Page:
Students and Alumni Good News

Daniel Brount (2016 graduate) was just featured on the Dear English Major blog.

Student Amanda Byk is the new Content Manager at the Facing Project.

#bsuenglish grad Rachel Hartley-Smith published her essay “Dumb Blonde” in feminist journal So to Speak.

Rachael Heffner (2014 graduate) was recently featured in the Daily Mail. Currently she’s working at a marketing firm in Indianapolis, Dominion Dealer Solutions, as their Social Media and Reputation Specialist.

#bsuenglish grad Abby Higgs recently published the final installment of her series “My Life with Annie Lennox” on The Rumpus.

Brittany Means has been accepted in the Nonfiction program at the University of Iowa.

Elyse Lowery had three poems (“Blood and Diamonds,” “Crosshatch,” and “Five Cigars”) published in the 3288 Review this month.

#bsuenglish grad Robert Young had his piece “11 Useless Kitchen Appliances: Crock Pots” published in Midwestern Gothic.

Current #bsuenglish students Kathryn Hampshire and Nikole Darnell, as well as recent graduate Lauren Birkey, all received Academic Honors in Writing.

Hannah Partridge was offered a summer internship in acquisitions from Wiley Publishing.

15 English graduate students were recognized at a graduate student recognition ceremony. (Ceremony attendees pictured from left to right: Nuha Alsalem, Hayat Bedaiwi, Andrew Wurdeman, Matthias Raess, Mary Carter.)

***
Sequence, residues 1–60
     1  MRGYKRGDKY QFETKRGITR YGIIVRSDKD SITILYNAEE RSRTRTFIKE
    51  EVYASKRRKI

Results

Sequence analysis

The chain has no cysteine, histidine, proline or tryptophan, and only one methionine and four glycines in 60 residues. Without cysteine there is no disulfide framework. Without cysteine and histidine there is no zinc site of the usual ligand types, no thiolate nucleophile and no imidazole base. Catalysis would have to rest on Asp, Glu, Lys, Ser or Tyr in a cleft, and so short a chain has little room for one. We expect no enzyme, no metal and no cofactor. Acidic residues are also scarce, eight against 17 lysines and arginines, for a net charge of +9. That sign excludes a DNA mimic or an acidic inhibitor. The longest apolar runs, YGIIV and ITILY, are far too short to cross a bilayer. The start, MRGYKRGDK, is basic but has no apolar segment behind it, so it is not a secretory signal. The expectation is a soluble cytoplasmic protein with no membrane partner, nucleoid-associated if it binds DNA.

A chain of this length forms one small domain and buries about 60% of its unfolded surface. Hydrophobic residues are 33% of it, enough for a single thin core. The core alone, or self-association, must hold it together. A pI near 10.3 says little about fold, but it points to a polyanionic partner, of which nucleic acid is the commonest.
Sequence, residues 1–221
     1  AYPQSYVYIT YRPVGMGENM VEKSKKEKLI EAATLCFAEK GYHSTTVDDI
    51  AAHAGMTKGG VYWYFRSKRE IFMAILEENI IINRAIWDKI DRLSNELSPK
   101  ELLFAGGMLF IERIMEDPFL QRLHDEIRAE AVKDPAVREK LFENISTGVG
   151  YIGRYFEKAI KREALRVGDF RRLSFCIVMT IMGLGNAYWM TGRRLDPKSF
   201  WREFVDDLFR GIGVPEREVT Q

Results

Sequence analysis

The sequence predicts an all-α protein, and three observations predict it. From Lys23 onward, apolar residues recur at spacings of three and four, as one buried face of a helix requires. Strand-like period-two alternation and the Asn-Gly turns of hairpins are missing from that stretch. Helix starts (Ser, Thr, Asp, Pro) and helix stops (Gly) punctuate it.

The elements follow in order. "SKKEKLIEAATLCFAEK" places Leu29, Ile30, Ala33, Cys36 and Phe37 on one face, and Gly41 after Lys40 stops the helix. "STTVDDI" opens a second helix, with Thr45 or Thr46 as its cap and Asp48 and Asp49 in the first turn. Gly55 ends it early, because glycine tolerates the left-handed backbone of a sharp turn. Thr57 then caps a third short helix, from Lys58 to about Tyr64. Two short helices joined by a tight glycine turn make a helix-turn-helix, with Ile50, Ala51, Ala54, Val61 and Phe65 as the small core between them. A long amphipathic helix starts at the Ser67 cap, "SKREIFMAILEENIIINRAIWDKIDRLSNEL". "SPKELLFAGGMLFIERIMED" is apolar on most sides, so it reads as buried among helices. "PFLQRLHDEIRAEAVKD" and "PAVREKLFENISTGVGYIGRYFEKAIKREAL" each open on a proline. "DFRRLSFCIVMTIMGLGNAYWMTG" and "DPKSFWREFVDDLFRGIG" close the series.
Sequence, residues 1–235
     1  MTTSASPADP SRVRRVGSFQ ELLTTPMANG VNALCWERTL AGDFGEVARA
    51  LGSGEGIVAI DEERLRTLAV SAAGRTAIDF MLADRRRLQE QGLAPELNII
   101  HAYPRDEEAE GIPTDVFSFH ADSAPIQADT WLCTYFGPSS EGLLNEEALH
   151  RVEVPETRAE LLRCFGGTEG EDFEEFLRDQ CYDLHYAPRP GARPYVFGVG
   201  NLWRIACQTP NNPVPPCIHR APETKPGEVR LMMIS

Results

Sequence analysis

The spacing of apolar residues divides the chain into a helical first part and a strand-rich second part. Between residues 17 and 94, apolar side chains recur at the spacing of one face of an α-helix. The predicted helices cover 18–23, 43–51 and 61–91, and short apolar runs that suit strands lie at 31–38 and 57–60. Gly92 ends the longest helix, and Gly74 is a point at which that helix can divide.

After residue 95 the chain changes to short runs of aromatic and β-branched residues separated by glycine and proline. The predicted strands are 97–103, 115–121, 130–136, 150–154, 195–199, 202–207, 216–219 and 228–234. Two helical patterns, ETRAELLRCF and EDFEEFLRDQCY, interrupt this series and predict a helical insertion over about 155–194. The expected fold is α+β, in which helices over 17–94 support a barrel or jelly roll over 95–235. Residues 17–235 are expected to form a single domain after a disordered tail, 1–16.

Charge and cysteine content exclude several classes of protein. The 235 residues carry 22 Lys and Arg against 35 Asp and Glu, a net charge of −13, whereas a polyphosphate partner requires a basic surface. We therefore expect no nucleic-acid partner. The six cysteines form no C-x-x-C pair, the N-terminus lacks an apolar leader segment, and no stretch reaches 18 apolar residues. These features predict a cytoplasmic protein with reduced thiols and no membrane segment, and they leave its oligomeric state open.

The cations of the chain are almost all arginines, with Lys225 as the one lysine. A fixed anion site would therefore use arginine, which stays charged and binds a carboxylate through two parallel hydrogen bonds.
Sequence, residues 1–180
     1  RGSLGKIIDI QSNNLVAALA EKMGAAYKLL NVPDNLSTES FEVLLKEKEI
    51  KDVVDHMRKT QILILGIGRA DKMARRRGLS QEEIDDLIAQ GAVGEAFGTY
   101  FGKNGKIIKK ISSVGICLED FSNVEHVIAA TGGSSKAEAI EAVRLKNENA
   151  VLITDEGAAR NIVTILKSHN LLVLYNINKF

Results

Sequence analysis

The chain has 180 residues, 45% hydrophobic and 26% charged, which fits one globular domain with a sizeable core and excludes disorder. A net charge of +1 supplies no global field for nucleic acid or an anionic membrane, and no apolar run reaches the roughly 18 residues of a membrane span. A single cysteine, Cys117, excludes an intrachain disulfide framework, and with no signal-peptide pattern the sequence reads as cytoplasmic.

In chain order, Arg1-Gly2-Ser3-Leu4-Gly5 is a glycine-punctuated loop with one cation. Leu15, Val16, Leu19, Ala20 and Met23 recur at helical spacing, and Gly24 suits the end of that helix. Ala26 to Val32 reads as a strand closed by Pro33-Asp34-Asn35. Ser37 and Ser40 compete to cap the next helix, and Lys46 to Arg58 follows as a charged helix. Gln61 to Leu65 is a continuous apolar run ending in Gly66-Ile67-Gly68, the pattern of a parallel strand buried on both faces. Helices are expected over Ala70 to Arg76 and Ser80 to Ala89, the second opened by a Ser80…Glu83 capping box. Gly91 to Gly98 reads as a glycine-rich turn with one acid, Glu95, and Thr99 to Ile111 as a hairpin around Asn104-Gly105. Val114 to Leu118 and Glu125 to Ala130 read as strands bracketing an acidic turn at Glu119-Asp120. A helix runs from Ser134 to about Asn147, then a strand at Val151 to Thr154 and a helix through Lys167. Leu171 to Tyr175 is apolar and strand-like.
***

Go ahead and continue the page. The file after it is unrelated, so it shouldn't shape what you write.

Two #bsuenglish Faculty Publish their Books (and More October Good News)

October was filled with spooktacular achievements. Keep reading for some scary good news!
patrick-collierjackie-grutsch-mckinney

Dr. Jackie Grutsch McKinney‘s new book, The Working Lives of of New Writing Center Directors, is officially out.

Professor Patrick Collier had his book Modern Print Artefacts: Textual Materiality and Literary Value, 1890-1930s, published by Edinburgh University Press. A big congrats to you both!

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Meet Your New Faculty Members!

Come fall, there will be new faces in the halls of Robert Bell. Here are three of them!

Poetry: Dr. Katy Didden

DiddenKaty Didden grew up in Washington D.C., and has lived in many cities across the U.S., including Seattle, Chicago, St. Louis, and Eugene.  She holds degrees from Washington University, the University of Maryland, and the University of Missouri, and she has taught courses in creative writing, composition, literature, and film.

Her first book, The Glacier’s Wake, won the Lena-Miles Wever Todd Prize from Pleiades Press and is available for purchase here or here or here. Her poems and reviews appear in journals such as Ecotone, Bat City ReviewThe Kenyon Review, Image, The Missouri Review, Smartish Pace, Poetry, and the Best New Poets Anthology (2009).  She won the Beulah Rose prize from Smartish Pace, three Dorothy Sargent Awards, and an Academy of American Poets Prize, and her work has been featured on Verse Daily and Poetry Daily.

She has received scholarships and residencies from The Bread Loaf Writers’ Conference, Sewanee Writers’ Conference, the Vermont Studio Center, the Virginia Center for Creative Arts, the Ragdale Foundation, the Hambidge Center, and the MacDowell Colony.